To seek out new ideas for his fiction, Holliday ran a classified ad in the Star-Times newspaper where he formerly worked: "Adventure wanted, will go anywhere, do anything -- write Box 13, Star-Times." The stories followed Holliday's adventures when he responded to the letters sent to him by such people as a psycho killer and various victims.

Sylvia Picker appeared as Holliday's scatterbrained secretary, Suzy, while Edmund MacDonald played police Lt. Kling. Supporting cast members included Betty Lou Gerson, Frank Lovejoy, Lurene Tuttle, Alan Reed, Luis Van Rooten and John Beal. Vern Carstensen, who directed Box 13 for producer Richard Sanville, was also the show's announcer.

Among the 52 episodes in the series were such mystery adventures as "The Sad Night," "Hot Box," "Last Will And Nursery Rhyme," "Hare And Hounds," "Hunt And Peck," "Death Is A Doll," "Tempest In a Casserole" and "Mexican Maze." The dramas featured music by Rudy Schrager. Russell Hughes, who had previously hired Ladd as a radio actor in 1935 at a $19 weekly salary, wrote most of the scripts, sometimes in collaboration with Ladd. The partners in Mayfair Productions were Ladd and Bernie Joslin, who had previously run the chain of Mayfair Restaurants.

 At least one attempt to convert the series for television was tried when Ladd appeared in an adaptation of "Daytime Nightmare" (retitled "Committed") on CBS' General Electric Theater (December 5, 1954). Box 13 was also re-imagined (rather than a straight adaptation or continuation) as a comic book series in 2010 by David Gallaher and Steve Ellis and published by Comixology. It is published digitally by comiXology and published in print by Red 5 Comics.

Thursday, November 24, 2016

A VERY VINTRAD THANKSGIVING!



Thanksgiving is here! And we here at VINTRAD urge you to slow down, pause a few moments and take stock in what you're truly thankful for.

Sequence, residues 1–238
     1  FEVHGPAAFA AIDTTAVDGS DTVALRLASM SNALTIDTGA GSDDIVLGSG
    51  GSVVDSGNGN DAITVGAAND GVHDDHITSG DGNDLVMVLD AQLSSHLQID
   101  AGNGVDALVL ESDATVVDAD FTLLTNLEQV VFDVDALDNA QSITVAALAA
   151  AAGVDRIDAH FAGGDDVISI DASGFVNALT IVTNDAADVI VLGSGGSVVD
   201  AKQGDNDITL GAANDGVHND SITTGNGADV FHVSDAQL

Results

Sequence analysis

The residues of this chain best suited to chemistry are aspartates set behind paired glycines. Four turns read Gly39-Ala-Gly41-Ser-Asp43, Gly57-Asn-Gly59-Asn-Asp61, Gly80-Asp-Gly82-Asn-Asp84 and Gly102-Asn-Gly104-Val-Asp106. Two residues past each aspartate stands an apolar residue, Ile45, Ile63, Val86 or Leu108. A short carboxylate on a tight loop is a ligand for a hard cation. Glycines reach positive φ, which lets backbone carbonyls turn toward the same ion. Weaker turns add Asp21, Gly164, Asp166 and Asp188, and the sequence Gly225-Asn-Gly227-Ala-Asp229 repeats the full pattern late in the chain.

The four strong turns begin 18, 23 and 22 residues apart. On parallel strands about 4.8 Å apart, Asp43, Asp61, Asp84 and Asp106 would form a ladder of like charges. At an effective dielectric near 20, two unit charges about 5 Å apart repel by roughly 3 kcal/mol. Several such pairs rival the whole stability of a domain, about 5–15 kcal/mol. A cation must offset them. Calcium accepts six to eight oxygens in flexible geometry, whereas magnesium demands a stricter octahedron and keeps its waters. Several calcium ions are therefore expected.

Reflect on all of the wonderful blessings that life has to offer: family, friends and of course-old time radio.

We are thankful for all of the fans and friends of VINTRAD and would like to personally thank each and every one of you for your continued support. Thank you for allowing us to share our love of vintage old-time radio with you.

Thank YOU!

Linked above is a great collection of 100 Thanksgiving themed old time radio programs found on Archive.org.

Here is the direct link.
http://archive.org/details/100OtrThanksgivingHolidayShows

Enjoy and have a very VINTRAD Thanksgiving!

Gunsmoke: Turkey Shoot




Gunsmoke is an American radio and television Western drama series created by director Norman Macdonnell and writer John Meston. The stories take place in and around Dodge City, Kansas, during the settlement of the American West. The central character is lawman Marshal Matt Dillon, played by William Conrad on radio and James Arness on television. When aired in the UK, the television series was initially titled Gun Law, later reverting to Gunsmoke.